Congress OKs 30,000
flying drones spying on Americans across U.S. cities
February 9 2012
by J. D. Heyes
(NaturalNews) It's the most benign thing in the
world. In fact, it's a concept whose time has come
and it will only help protect us and keep us safe.
Naturally, there's nothing to worry about because
there won't be any abuse of the technology.
After all, spy drones are already being used around
the U.S.; what's the problem with adding tens of
In case you didn't know it - and you probably didn't
- Congress, with little fanfare,
passed an FAA reauthorization bill last week
President Obama is expected to sign into law that
will make it much easier for the government to put
scores of unmanned spy drones into American skies.
Not only that the legislation authorizes the Federal
Aviation Administration to develop regulations for
the testing and licensing of commercial drones by
2015. If the law takes full effect, it is believed
as many as 30,000 drones could be hovering
over the U.S. by 2020.
The drones, which are widely used in Afghanistan to
spot and target suspected insurgents and Taliban
operatives in that country as well as neighboring
Pakistan, have been used by American government
agencies like U.S. Customs and Border Protection, a
division of the Department of Homeland Security, for
a few years, in an observation/surveillance
capacity. DoH has also used drones in disaster
relief operations, and advocates say they can be
successfully employed to fight fires and locate
Say Good-bye to Privacy
Privacy advocates, however, are sounding the alarm
good and loud.
"There are serious policy questions on the horizon
about privacy and surveillance, by both government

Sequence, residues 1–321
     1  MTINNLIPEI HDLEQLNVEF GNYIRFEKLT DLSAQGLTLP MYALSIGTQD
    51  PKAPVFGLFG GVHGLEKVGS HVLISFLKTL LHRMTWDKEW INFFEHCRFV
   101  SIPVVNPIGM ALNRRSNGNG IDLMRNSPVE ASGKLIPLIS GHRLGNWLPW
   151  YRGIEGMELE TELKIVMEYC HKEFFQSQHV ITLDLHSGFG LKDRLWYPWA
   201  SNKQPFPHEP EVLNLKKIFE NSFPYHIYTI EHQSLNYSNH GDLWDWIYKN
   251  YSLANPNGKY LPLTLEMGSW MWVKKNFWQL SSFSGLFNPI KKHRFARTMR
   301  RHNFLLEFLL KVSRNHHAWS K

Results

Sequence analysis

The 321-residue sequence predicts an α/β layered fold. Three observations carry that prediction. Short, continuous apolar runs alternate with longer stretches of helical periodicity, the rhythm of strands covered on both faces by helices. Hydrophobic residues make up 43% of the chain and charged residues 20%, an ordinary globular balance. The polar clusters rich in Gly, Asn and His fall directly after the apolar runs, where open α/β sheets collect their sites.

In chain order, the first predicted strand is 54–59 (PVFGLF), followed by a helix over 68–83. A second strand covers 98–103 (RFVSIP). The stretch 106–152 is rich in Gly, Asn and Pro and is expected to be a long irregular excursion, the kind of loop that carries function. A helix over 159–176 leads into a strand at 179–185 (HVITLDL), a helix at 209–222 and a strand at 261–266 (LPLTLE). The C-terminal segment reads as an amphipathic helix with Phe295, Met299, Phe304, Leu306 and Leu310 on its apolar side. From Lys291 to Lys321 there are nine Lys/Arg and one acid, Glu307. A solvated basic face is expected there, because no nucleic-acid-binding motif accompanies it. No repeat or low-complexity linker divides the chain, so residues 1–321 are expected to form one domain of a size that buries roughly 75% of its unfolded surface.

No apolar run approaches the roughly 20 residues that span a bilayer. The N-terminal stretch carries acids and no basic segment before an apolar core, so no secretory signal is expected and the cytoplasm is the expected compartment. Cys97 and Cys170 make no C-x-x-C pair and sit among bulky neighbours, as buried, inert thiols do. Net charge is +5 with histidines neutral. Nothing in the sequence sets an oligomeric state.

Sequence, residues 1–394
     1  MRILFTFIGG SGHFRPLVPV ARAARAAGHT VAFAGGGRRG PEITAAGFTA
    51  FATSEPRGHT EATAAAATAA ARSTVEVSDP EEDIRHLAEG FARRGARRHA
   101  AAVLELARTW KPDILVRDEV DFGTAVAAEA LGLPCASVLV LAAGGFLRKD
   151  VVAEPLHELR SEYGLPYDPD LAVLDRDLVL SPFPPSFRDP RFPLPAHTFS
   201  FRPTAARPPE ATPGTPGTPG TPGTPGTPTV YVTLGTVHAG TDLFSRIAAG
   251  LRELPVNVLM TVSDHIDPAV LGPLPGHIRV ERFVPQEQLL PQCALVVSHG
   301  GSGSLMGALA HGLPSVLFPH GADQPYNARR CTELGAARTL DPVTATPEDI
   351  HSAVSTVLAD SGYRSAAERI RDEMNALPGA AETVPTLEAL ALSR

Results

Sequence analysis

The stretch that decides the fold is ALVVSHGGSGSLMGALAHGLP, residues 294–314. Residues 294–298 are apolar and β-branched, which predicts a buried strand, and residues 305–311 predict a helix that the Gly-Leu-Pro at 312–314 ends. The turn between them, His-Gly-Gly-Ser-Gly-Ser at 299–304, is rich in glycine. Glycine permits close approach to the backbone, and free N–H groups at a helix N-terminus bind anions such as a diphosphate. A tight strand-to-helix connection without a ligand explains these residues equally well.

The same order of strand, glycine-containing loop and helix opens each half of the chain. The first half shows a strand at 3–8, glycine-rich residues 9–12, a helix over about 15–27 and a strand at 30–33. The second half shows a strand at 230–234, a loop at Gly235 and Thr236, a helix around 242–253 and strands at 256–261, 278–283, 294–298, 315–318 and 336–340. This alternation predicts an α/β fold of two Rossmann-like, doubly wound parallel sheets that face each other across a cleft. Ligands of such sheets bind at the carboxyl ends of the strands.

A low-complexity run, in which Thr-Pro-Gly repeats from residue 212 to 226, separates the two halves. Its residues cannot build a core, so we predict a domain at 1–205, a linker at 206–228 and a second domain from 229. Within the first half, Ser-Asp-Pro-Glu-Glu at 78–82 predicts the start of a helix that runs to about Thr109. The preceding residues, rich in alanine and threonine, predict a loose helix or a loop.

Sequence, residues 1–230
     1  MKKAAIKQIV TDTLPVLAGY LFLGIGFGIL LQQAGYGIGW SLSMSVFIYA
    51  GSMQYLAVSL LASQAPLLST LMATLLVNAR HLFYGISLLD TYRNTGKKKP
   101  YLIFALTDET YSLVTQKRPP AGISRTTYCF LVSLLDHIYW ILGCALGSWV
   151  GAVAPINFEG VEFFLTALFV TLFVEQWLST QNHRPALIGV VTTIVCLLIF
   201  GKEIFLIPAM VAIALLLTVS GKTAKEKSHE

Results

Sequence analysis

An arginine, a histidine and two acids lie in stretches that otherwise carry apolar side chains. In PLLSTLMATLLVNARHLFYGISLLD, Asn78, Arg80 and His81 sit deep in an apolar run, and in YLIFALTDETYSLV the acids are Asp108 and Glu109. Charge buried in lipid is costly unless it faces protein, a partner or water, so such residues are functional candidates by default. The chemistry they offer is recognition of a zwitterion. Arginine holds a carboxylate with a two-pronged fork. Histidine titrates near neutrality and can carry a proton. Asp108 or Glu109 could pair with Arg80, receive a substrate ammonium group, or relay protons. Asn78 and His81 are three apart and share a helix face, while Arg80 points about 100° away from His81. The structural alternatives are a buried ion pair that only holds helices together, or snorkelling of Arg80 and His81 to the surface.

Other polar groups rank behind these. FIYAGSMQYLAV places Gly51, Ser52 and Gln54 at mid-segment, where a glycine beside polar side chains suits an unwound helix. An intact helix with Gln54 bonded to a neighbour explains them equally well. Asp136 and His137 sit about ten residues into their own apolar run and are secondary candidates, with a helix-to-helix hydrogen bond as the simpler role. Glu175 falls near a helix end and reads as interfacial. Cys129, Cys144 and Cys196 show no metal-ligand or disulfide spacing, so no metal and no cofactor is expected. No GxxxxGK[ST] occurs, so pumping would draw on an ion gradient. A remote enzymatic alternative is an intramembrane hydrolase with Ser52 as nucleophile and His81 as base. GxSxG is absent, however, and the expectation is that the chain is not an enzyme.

agencies and commercial entities," Steven Aftergood,
head of the Project on Government Secrecy at the
Federation of American Scientists, told the
Jennifer Lynch, an attorney with the
Electronic Frontier Foundation,
a watchdog group, added that her organization is
particularly "concerned about the implications for
surveillance by government agencies."
Her agency is suing the FAA to determine just how
many certificates the agency has already issued to
police, government agencies and a smattering of
private research institutions to allow them to fly
drones in U.S. airspace. The agency says it handed
out 313 certificates in 2011; by year's end, 295
were still active "but the FAA refuses to disclose
which agencies have the certificates and what their
purposes are," said the Times.
"We need a list so we can ask [each agency], 'What
are your policies on drone use? How do you protect
privacy? How do you ensure compliance with the
Fourth Amendment?'" Lynch said.
"Currently, the only barrier to the routine use of
drones for persistent surveillance are the
procedural requirements imposed by the FAA for the
issuance of certificates," Amie Stepanovich,
national security counsel for the Electronic Privacy
Information Center, told the paper.
The use of drones to keep an eye on American
citizens is just the next step in what has become
the move towards a so-called
"surveillance society" that is growing rampant in
Barry Steinhardt, director of the ACLU's Technology
and Liberty Program, says while the widening use of
video cameras in American society may have helped
nab some criminals, they often provide a false sense
"It's the illusion of security ... public
authorities like to give the impression they are
doing something about crime and terrorism," he told
Furthermore, are we comfortable with being
constantly under surveillance?
"Do we want a society where an innocent individual
can't walk down the street without being considered
a potential criminal?" asks the ACLU, on its Web
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